"It doesn't serve us to get into a legislative fight with the president; all it does is allow him to define himself against us," said Rep. John A. Boehner of Ohio, the fourth-ranking House Republican. "When he doesn't have us to fight with, his numbers go down."
At a news conference last week, Mr. Dole mocked the Clinton administration for acknowledging that the United States is defenseless against a rogue or accidental ballistic missile attack.
The Senate majority leader surprised House leaders a couple of weeks ago when he walked into a strategy session carrying a chart detailing the status of the dozens of unpassed items in the "Contract with America."
Voters ask about contract
The contract had always been a House project, born in the 1994 election season, which Mr. Dole embraced only tentatively after the elections. But out on the campaign trail this year, Mr. McCain said, voters are asking, "Whatever happened to the contract?"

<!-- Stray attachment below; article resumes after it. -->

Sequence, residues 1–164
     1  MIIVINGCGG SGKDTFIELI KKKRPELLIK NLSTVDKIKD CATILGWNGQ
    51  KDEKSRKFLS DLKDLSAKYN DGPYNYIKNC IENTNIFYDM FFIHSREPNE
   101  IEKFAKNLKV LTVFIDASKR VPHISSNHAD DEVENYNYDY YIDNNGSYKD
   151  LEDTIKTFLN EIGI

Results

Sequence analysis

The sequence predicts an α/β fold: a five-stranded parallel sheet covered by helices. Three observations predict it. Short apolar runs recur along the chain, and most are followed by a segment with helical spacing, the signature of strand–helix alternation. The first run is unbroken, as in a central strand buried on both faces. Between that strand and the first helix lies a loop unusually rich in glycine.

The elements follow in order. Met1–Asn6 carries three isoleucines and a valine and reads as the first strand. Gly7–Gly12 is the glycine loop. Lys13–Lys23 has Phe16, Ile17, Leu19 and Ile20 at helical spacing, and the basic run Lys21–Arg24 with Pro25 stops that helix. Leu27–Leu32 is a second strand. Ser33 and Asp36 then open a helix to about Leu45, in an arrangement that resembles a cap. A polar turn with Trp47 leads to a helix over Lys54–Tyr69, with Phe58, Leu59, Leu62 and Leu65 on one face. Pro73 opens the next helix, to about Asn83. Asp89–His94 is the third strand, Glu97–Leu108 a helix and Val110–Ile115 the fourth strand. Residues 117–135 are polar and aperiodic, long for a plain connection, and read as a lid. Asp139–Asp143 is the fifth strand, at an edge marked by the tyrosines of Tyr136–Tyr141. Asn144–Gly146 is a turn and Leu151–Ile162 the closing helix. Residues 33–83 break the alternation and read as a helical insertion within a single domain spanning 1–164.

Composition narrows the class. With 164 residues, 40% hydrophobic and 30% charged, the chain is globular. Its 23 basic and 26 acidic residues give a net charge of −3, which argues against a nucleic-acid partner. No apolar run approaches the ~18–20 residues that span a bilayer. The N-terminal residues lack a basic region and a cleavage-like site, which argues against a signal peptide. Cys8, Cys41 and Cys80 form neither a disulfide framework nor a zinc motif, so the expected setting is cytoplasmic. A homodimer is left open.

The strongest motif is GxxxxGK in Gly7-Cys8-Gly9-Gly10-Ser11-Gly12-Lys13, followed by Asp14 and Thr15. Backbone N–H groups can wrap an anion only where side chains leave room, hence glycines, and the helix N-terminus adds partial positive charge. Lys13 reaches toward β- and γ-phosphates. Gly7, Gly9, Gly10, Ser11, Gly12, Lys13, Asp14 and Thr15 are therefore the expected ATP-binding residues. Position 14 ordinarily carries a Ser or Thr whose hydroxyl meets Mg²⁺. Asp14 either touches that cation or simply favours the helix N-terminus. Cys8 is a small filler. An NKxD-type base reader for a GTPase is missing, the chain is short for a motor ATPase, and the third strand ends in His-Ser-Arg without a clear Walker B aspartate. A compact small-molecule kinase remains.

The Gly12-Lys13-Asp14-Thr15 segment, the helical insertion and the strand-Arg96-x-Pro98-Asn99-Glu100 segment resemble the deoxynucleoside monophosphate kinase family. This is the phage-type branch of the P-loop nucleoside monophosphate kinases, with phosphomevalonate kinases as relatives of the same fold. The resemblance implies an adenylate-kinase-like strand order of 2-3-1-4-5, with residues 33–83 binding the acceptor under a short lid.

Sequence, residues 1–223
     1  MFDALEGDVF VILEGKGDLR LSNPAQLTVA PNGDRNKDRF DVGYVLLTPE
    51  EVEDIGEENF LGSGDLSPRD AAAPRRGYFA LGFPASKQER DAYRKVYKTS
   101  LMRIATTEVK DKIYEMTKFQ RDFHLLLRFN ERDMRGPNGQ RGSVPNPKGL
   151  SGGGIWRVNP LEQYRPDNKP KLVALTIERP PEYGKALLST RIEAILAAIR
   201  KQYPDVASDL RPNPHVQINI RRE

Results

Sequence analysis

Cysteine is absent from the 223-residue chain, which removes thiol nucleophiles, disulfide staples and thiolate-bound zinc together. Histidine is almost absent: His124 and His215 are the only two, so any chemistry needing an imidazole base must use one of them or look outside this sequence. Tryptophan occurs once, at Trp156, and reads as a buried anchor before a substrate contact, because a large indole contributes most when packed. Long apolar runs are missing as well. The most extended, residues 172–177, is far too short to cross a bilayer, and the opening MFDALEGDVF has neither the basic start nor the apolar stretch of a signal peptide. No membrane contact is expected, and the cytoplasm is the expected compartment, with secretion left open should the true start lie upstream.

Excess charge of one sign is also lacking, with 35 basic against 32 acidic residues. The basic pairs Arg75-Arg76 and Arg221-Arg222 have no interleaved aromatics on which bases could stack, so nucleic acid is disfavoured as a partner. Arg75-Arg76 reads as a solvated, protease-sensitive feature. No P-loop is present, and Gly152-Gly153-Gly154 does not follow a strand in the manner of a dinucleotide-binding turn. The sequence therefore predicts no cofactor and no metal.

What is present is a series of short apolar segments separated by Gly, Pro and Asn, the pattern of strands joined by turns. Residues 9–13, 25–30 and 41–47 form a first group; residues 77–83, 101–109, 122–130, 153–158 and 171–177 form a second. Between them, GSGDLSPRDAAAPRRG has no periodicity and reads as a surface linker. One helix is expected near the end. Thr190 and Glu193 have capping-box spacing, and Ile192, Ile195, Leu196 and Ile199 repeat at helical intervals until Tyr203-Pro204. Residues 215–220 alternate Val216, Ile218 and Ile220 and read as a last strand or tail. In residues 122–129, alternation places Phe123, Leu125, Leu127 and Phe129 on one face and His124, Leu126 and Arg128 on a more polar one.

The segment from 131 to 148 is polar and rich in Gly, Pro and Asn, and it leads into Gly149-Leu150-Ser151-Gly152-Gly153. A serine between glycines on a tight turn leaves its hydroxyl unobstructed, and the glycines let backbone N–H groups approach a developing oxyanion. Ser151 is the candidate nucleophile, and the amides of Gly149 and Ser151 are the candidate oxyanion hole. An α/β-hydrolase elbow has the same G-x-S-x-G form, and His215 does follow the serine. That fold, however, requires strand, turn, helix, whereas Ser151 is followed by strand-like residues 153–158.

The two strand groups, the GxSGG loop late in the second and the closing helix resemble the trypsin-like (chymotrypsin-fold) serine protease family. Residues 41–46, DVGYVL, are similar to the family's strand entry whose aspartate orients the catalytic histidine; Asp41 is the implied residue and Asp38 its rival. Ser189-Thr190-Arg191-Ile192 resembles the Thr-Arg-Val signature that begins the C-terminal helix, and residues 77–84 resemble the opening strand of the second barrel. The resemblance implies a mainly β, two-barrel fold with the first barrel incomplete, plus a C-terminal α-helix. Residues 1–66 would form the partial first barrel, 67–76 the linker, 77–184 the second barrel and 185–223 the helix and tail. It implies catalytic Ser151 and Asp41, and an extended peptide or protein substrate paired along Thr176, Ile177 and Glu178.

So Mr. Dole and his congressional team are determined to send every possible contract item to the president's desk. They'll compromise where they must to get the items through the Senate, where Democrats can block most legislation with a filibuster.
One such case is the bill to limit damages in lawsuits involving faulty products, which Mr. McCain said "was totally watered down." But it passed the Senate and will soon be on its way to Mr. Clinton's desk for a likely veto.
Mr. Dole and his colleagues have not yet decided exactly how to approach major issues that remain unfinished: the balanced budget deal, welfare reform, tax cuts, Medicaid and Medicare.
Those issues are delicate because Republicans in tight races are being attacked by Democrats who charge that their opponents want to cut health programs for the poor and elderly in order to give tax breaks for the rich.
Republicans in those races, though, maintain that they are confident Mr. Dole can help. "It's our message of hope and opportunity vs. a campaign of fear," said Rep. John Ensign, a freshman Republican from Nevada whose re-election is rated as a tossup.
Pub Date: 3/24/96